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That movie studios will spend the lion’s share of their marketing budgets on TV is one of those industry truisms roughly as dependable as Tom Hanks’ drawing power. And though this year is bound to be no different, it’s worth noting that Hollywood’s marketers have fallen in love again with a proven outlet for their hit movies: cross-promotion.
Case in point: the spate of promos surrounding “Sex and the City 2.” A lucky winner will get a shopping spree with Patricia Field, the costume designer responsible for keeping Carrie Bradshaw and her pals wrapped in designer brands. Fans also can order “couture cocktails” named after their favorite characters or simply buy bottles of limited-edition movie-themed alcohol and mix them at home. It’s all courtesy of a deal between Warner Bros. and Skyy Vodka that pulls ordinary moviegoers into the cosmo-sipping culture of a franchise that’s aiming to continue its successful streak when it debuts May 27.
Support for the deal will include bar and restaurant promos, print ads, web sites and social media. Skyy’s director of PR and events, David Karraker, said the promo “gives people a way to touch and feel the movie.”
That’s something that TV ads don’t give, which explains why integrations are popping up more frequently. The “Sex”/Skyy deal also illustrates a few tenets that are near and dear (and mandatory) for marketing Hollywood movies these days: Pool your money (promotional partnerships with major brands are gold) and create real-world experiences (high-concept, low-cost and with a social media component) that lets fans dig deep.
The reason for this approach is simple: The American consumer isn’t the only one who’s been tightening his belt in the lingering recession. Hollywood’s heavy-hitters, which spend more than $4 billion annually to market their flicks, have been shaving their ad budgets and whittling their release schedules. These studios are increasingly turning to grass-roots events, guerrilla marketing and digital and social media to make a splash for a pittance.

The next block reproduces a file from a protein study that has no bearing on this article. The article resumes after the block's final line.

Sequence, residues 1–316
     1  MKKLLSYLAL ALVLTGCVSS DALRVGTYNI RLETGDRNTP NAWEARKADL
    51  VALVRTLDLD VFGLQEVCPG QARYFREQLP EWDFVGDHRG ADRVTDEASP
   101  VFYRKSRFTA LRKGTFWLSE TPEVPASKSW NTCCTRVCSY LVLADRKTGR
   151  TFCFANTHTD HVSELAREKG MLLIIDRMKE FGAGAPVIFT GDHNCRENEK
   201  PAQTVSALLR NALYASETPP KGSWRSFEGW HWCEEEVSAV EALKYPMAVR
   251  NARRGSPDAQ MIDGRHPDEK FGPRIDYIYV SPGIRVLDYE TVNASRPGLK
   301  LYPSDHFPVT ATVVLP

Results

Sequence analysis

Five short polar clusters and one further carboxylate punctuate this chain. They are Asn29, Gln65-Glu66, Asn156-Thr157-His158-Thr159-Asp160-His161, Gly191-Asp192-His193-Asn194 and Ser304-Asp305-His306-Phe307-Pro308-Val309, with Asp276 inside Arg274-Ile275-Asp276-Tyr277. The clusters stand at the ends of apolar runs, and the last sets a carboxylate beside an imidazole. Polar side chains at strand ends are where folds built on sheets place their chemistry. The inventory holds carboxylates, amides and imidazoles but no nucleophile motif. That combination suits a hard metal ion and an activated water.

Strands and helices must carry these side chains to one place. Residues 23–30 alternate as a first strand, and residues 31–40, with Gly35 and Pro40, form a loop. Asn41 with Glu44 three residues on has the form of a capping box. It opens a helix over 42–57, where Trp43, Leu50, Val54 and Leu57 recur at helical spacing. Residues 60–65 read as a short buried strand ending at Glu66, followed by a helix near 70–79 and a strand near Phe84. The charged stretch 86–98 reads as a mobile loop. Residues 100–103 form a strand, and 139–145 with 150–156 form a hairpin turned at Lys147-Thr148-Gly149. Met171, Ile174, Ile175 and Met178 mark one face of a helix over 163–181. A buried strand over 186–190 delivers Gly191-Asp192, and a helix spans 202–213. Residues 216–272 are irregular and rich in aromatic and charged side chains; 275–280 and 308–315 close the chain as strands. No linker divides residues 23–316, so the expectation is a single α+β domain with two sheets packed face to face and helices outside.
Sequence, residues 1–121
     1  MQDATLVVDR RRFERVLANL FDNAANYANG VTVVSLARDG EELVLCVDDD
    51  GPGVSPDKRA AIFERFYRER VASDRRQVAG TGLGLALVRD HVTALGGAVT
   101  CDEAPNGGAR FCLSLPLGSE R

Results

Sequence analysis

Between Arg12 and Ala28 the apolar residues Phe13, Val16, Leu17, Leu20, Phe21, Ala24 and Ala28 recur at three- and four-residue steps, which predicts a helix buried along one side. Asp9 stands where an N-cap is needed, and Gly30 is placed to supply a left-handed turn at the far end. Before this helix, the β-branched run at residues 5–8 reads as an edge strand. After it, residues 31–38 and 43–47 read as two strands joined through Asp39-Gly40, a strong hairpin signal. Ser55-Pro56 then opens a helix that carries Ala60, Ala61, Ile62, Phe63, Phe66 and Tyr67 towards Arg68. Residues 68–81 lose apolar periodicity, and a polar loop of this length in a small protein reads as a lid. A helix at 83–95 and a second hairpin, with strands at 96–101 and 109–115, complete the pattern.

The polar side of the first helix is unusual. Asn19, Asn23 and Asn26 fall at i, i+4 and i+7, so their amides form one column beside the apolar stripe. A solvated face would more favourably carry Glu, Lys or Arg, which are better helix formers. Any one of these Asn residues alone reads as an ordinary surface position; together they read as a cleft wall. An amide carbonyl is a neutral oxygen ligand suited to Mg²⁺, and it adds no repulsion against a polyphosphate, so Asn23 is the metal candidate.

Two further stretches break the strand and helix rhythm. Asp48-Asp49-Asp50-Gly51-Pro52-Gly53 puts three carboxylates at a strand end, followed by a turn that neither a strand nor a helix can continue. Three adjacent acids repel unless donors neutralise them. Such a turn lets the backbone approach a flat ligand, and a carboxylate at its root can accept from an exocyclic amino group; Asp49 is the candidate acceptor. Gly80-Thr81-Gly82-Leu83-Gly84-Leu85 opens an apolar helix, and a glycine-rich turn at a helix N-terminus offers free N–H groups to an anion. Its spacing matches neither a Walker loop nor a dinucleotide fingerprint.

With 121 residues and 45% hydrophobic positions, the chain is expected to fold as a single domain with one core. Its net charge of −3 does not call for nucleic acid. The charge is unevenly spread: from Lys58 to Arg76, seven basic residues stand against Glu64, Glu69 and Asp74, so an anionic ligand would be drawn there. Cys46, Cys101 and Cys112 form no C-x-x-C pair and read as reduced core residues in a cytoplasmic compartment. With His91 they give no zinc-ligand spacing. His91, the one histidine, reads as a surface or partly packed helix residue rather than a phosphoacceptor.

“Hollywood loves nascent technology; it’s very effective for driving PR,” said Gordon Paddison, founder and principal of marketing firm Stradella Road and a former New Line executive. “But for it to really work, it has to be integrated into the overall campaign. And it needs to have a twist and a way for people to interact.”
Studios cut ad spending by 8% last year to $4.39 billion, according to Bernstein Research. More cuts are expected this year but probably not on such tentpoles as Paramount/DreamWorks’ “Shrek Forever After,” Warner Bros.’ “Harry Potter and the Deathly Hallows: Part I” and Disney’s “Tron Legacy.”
TV spending during fourth quarter fell 7%, Bernstein reported, though it’s easy to understand why studios continue to devote the biggest chunk of their marketing budgets to it: There’s nothing else to match its mass exposure. But it also costs more money for fewer eyeballs. As people spend more of their time with social media, they’ve also become choosier about what they watch on TV.
Consumers are skipping more commercials than ever. According to the MovieGoers 2010 report from Stradella Road, 61% of moderate-to-heavy moviegoers in their 30s have DVRs, 71% fast-forward through commercials, and 55% say they almost always skip the ads.
No one would leave the fate of a potential blockbuster to an augmented reality stunt, a brand integration in a TV show or a Twitter feed, so the mega-money traditional TV, print and billboard campaign is far from dead. But it’s no wonder studio marketers are looking at cheap, and sometimes free, alternatives.
“Iron Man 2” director Jon Favreau has used his Twitter account to leak tidbits about the superhero sequel to his fanboy followers, snagging mainstream media coverage of every “secret” he shared. Disney/Pixar has launched a screening program to show college students the first 65 minutes of “Toy Story 3” — a “cliffhanger edition”– to spark interest and blog posts. These students, most of whom were children when the first “Toy Story” movies were released, get into the screenings by signing up on Facebook. The studio just named a new nonentertainment industry marketing chief, M.T. Carney, a brand strategist who reportedly preaches the idea that communications don’t have to be tied to ad buys.
The combination of traditional and emerging tactics is working.
Boxoffice is up 9.4% from last year’s record-breaking run to $3.2 billion, partly because of the proliferation of 3D movies and their premium ticket prices. The top three pics of early 2010 were released in 3D: “Alice in Wonderland,” “How to Train Your Dragon” and “Clash of the Titans.” And of course, there’s “Avatar.”
First-quarter boxoffice snapped records with a $2.65 billion take, up 9% over the same period in 2009. Attendance, a real bellwether of success, is up 7.2%, which bodes well for the summer blockbuster season and beyond.
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